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By Staff
Cheerleading process unfair
We'd be outraged if basketball coaches allowed someone to lift players up to make baskets at tryouts for the varsity basketball team. If attempting to hit or catch a baseball proved required skills for baseball, everyone would make the baseball team! When varsity cheerleading candidates are assisted by spotters to prove they can do the required tumbling and are then selected as cheerleaders over girls who tumble alone, the sponsors aren't setting reasonable guidelines for required skills. When tumbling is removed from JV overnight, expect complaints!
The students are not to blame for the questionable cheerleader selection process at the high school this year. The sponsors are the ones who failed to set reasonable standards and stick to them. To be honest, some of the strongest cheerleaders' parents are administrators. However, some of the strongest cheerleaders were also not selected. Even so, no cheerleader should be questioned about their placement. Most of them have worked for years for this honor. The sponsors, however, have hurt the process.
My request to the superintendent and the board is to make this level again. Kids don't understand why sponsors changed standards. Unquestionably, girls with superior skills were left out. There is significant talent this year and not all strong candidates were selected.
This is supposed to be about recognizing equal ability level of the kids and making a place for all who qualify. There should be several more basketball/football cheerleaders evidenced by their skills.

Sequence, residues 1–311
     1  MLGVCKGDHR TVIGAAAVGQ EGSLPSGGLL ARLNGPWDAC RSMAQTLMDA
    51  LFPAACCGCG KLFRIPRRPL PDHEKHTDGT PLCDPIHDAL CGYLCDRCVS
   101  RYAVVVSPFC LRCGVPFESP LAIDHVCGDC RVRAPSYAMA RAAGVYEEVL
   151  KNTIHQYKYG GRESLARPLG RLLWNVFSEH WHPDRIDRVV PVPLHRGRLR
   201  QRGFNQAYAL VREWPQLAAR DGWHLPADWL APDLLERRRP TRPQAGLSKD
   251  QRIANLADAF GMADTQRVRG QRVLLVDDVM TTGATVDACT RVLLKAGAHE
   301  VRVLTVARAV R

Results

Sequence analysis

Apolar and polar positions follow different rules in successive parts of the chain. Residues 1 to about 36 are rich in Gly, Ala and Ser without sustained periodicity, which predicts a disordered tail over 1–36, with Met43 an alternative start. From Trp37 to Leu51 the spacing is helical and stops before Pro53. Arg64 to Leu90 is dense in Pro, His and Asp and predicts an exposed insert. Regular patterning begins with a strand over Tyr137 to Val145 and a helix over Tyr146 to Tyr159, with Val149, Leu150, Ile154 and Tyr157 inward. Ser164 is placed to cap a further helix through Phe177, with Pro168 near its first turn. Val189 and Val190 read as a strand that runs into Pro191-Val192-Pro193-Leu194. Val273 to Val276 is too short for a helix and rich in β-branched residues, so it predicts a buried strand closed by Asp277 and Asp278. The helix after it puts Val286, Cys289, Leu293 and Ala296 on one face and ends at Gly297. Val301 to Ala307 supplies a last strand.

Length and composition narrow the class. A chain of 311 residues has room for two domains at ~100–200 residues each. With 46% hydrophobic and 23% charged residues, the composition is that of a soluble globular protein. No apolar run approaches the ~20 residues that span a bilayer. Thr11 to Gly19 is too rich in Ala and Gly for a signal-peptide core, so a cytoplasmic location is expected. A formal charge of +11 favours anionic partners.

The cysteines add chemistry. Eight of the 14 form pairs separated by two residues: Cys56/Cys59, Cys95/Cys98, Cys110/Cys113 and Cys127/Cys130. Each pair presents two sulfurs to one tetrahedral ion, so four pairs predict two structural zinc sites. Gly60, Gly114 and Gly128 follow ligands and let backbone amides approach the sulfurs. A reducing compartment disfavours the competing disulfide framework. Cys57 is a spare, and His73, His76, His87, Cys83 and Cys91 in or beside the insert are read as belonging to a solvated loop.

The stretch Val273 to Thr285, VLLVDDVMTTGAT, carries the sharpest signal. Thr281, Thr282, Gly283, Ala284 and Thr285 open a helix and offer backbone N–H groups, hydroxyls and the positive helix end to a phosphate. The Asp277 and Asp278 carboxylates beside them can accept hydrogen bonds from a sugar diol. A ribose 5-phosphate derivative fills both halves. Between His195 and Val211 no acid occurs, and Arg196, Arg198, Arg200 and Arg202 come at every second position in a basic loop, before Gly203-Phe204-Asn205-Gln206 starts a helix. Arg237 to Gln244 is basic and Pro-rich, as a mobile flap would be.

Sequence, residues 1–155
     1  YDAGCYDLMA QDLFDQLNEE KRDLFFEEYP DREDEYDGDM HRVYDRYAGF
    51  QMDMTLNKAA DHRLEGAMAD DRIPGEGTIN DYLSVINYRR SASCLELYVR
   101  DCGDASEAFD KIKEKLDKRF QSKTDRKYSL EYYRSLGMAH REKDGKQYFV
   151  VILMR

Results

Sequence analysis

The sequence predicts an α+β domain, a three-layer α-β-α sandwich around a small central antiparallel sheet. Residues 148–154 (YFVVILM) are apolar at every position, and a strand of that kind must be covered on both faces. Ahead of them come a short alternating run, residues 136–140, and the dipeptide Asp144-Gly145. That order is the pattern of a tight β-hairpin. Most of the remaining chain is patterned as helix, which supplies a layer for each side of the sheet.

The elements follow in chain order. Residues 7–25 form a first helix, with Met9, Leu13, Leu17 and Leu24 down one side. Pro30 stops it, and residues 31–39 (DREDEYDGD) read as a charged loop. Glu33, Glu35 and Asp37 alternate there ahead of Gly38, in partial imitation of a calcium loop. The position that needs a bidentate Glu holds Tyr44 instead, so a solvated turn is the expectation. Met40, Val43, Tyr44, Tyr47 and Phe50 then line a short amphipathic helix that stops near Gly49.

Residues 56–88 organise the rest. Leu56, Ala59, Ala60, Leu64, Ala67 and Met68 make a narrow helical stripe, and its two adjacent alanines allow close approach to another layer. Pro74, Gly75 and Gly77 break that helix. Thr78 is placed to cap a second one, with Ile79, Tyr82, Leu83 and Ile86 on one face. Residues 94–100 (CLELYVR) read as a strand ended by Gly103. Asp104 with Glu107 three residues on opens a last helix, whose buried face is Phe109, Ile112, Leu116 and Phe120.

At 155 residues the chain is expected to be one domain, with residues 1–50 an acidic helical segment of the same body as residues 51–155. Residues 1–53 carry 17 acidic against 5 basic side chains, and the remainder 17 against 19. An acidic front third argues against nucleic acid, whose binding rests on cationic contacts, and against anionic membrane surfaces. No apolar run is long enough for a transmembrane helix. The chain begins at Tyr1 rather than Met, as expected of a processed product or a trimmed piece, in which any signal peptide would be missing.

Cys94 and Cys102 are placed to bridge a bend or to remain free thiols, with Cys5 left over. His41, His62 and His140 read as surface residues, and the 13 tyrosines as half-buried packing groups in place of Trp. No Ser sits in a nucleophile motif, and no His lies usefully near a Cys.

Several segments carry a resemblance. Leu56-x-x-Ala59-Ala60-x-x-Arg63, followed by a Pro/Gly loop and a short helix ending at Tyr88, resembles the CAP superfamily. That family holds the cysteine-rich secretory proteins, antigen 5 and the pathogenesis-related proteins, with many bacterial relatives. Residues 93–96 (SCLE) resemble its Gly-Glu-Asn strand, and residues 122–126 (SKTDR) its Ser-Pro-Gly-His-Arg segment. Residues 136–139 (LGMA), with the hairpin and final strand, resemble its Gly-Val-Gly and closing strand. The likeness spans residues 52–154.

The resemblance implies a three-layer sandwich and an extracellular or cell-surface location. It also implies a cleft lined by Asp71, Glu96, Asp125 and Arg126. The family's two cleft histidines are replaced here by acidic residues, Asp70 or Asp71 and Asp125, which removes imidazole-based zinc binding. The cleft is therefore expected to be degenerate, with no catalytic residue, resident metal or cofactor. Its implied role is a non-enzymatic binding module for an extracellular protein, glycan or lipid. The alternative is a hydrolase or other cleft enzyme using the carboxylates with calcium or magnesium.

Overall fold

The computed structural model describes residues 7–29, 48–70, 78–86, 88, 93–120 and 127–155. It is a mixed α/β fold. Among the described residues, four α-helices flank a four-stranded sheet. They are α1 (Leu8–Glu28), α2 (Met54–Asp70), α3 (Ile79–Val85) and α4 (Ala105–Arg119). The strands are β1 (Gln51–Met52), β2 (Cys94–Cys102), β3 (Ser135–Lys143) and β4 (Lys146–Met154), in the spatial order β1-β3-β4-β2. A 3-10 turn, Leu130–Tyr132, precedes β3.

Also, thank you, Miss Nave for being so level.
Janie Grammer
State moved in right direction
The Alabama State Legislature and Governor Bob Riley should be commended for enacting crucial laws to prevent animal cruelty. During the 2006 legislative session, the Alabama state Senate and House passed laws to help reduce pet overpopulation, to make barbaric hog-dog fighting illegal, and to prohibit the trophy shooting of trapped animals at canned hunts and over the Internet.
Every year thousands of healthy dogs and cats are euthanized because there are not enough good homes for them. By passing a law requiring the spaying and neutering of dogs and cats in shelters, the Alabama legislature and Governor have sought out effective solutions to pet overpopulation.
Additionally, hog-dog fighting is a cruel form of animal fighting, pitting a trained attack dog against a feral pig for the purpose of entertainment and gambling. Alabama became the third state to outlaw this barbaric practice. Canned hunts allow paying customers to shoot and kill animals in fenced enclosures with no chance to escape, while Internet hunting involves shooting and killing these animals from a remote location via pay-per-view slaughter. Alabama lawmakers rightly put an end to these inhumane and unsportsmanlike activities in 2006.
The anti-cruelty laws of a state are a reflection of our basic values and attitudes toward animals, and this collection of bills is a measurable step forward for the state of Alabama. The Humane Society of the United States, on behalf of our more than 92,000 members and supporters within the state, commends lawmakers in Alabama for passing this raft of legislation to protect animals from cruelty and abuse.
Michael Markarian
Executive Vice President for External Affairs, The Humane Society of the United States
Thanks for Earth Day support
The Hartselle Beautification Association and Hartselle Junior High School sixth grade science department would like to take this opportunity to thank the following sponsors for making Earth Day 2006 at E.A.R.T.H. Park an enormous success: Tennessee Valley Authority, Hartselle Utilities, Flint Creek Watershed Project and Hartselle Rotary Club.
With continued support from such generous sponsors, Hartselle's annual Earth Day educational event will continue to grow and leave a valuable, lasting impression on Hartselle's youth.
Hartselle Beautification Association
Hartselle Junior High School sixth grade science department